This is quite interesting. Obviously procedural specialists will be paid more given the higher overhead costs and risks involved with procedures. Pricing is determined by the market. If you are really good at marketing or in a certain sub specialty and also working in an area of affluence it's going to affect your earning potential for sure.From another jurisdiction, with similar type of billing structure.
How much do doctors bill OHIP for services? Star database reveals figures for 30,000 physicians | The StarThe Star is able to share this database following a five-year quest for public access to the billing records. After Ontario’s health ministry denied a freedom-of-information request for data on top billers in 2014, the Star successfully appealed to the office of the Information and Privacy...www.thestar.com
HOW MUCH DOES YOUR DOCTOR BILL?
The Star launches searchable database of OHIP billings, after five-year quest for public access to health-care records
The gap within the gap : Disparities in billings within highly paid specialties
Search the Star’s database of Ontario’s doctors:
The Star's Ontario Doctor Database shows how much the province’s 30,167 doctors received in fee-for-service OHIP payments in 2017-18. Visit thestar.com today.www.thestar.com
It also reveals big gaps in pay within specialty groups. For example, the 90th-percentile pay for diagnostic radiolo-gists is $1,096,541 while the median pay is $622,281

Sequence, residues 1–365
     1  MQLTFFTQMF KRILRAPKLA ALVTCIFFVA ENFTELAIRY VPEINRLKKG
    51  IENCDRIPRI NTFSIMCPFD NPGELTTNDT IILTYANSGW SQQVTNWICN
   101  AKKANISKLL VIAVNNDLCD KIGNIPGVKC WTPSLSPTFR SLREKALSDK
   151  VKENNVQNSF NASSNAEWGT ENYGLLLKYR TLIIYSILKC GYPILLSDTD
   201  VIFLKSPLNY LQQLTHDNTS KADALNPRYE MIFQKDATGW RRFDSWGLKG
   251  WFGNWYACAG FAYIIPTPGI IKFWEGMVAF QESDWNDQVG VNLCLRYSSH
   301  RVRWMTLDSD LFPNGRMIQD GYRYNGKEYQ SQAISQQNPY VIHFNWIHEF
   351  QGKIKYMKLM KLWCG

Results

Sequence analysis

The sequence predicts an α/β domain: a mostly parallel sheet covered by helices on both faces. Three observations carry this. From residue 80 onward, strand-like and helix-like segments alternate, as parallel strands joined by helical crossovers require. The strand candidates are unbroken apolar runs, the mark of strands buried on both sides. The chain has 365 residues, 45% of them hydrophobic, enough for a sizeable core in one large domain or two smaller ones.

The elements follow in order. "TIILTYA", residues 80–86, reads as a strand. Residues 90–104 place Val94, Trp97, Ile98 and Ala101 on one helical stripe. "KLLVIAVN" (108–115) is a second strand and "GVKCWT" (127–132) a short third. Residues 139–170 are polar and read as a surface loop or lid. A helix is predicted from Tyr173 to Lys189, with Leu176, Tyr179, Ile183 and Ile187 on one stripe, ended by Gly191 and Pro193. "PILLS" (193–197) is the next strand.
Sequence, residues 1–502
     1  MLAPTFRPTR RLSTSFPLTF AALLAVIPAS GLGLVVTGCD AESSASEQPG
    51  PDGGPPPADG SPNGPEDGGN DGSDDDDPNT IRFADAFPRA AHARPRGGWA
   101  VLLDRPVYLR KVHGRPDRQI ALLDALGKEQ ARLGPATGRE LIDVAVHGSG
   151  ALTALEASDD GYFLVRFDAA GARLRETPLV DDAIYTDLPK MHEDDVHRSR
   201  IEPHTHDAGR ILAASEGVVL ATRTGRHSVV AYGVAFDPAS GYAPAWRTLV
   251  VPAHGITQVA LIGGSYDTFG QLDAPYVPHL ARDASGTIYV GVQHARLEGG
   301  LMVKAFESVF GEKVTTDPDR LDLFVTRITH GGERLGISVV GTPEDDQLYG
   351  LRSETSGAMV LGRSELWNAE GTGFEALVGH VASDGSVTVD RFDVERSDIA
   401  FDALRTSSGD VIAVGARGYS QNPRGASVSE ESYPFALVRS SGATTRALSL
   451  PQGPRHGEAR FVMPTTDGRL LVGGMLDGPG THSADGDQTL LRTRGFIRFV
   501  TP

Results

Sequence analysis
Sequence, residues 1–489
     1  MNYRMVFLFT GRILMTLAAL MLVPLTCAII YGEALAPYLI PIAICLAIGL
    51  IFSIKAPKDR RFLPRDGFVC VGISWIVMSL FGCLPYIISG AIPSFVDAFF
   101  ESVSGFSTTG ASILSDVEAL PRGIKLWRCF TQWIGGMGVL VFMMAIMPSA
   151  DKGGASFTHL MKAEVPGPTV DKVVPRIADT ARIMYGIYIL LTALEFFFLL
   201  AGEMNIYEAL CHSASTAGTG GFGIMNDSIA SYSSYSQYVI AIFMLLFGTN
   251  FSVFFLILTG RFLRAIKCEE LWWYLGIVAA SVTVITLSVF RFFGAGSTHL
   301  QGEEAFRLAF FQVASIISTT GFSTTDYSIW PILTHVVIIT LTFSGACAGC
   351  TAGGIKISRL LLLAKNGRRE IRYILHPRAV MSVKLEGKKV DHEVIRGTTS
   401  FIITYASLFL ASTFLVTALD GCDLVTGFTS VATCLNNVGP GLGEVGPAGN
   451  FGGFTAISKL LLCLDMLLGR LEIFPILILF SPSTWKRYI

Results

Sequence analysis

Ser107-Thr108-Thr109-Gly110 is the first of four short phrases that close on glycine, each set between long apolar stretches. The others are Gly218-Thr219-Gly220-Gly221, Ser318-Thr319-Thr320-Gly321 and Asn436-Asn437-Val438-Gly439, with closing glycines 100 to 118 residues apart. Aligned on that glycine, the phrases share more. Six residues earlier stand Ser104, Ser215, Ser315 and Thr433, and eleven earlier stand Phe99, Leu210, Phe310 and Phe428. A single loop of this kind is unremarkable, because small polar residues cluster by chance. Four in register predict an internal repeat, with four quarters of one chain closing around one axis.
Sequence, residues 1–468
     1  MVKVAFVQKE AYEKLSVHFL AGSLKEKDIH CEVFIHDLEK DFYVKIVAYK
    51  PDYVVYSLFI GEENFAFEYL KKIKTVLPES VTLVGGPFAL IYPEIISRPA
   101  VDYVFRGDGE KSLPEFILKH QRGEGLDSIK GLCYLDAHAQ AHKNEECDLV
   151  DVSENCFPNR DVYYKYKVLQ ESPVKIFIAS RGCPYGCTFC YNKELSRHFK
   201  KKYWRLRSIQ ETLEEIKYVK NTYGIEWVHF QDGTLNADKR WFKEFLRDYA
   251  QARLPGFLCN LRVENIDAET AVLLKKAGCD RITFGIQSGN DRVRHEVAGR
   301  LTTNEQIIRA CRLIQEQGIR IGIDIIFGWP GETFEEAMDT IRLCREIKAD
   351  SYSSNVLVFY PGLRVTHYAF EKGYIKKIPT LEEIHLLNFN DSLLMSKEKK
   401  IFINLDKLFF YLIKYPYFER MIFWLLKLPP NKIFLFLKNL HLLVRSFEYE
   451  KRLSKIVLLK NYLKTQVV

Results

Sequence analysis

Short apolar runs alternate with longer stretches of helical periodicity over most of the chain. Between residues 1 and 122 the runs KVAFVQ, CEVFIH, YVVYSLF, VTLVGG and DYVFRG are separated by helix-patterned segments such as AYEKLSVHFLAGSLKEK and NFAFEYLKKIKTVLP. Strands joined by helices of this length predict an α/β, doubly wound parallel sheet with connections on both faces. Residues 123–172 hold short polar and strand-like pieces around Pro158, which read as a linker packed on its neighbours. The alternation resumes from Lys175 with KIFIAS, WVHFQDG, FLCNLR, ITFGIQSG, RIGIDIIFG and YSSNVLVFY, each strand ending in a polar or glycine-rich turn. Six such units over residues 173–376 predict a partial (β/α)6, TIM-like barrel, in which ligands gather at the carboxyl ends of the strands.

Fee-for-service pay gaps between specialty groups
Examples of disparities in average fee-for-service payments among some lower-and higher-paid specialties. This issue is known as "relativity."
Diagnostic radiologists $654,389
Diagnostic radiology $622,281/$1,096,541
Last year, an internal Ontario Medical Association report obtained by the Star showed that the highest-billing specialties are overpaid to the tune of 52 per cent and the lowest-billing ones are underpaid by about 30 per cent. It called for pay cuts to the highest-paid specialties and top-ups to the lowest-paid ones
The Star's database shows that of those who billed more than $1 million, 158 were diagnostic radiologists,96 were ophthalmologists and 64 were cardiologists. Of 61 family doctors and general practitioners on the list, many work in pain clinics. Another 482 family doctors and general practitioners - many also practising pain medicine - billed between $500,000 and $1million.
Fee-for-service payments are not the same as take home pay, because doctors pay for their own overhead expenses - staff salaries, offices, equipment and supplies - out of their OHIP billings.
The database reveals big gaps in billings for different specialty groups. For example, ophthalmologists receive on average $724,183 in fee-for-service payments while psychiatrists receive $227,479.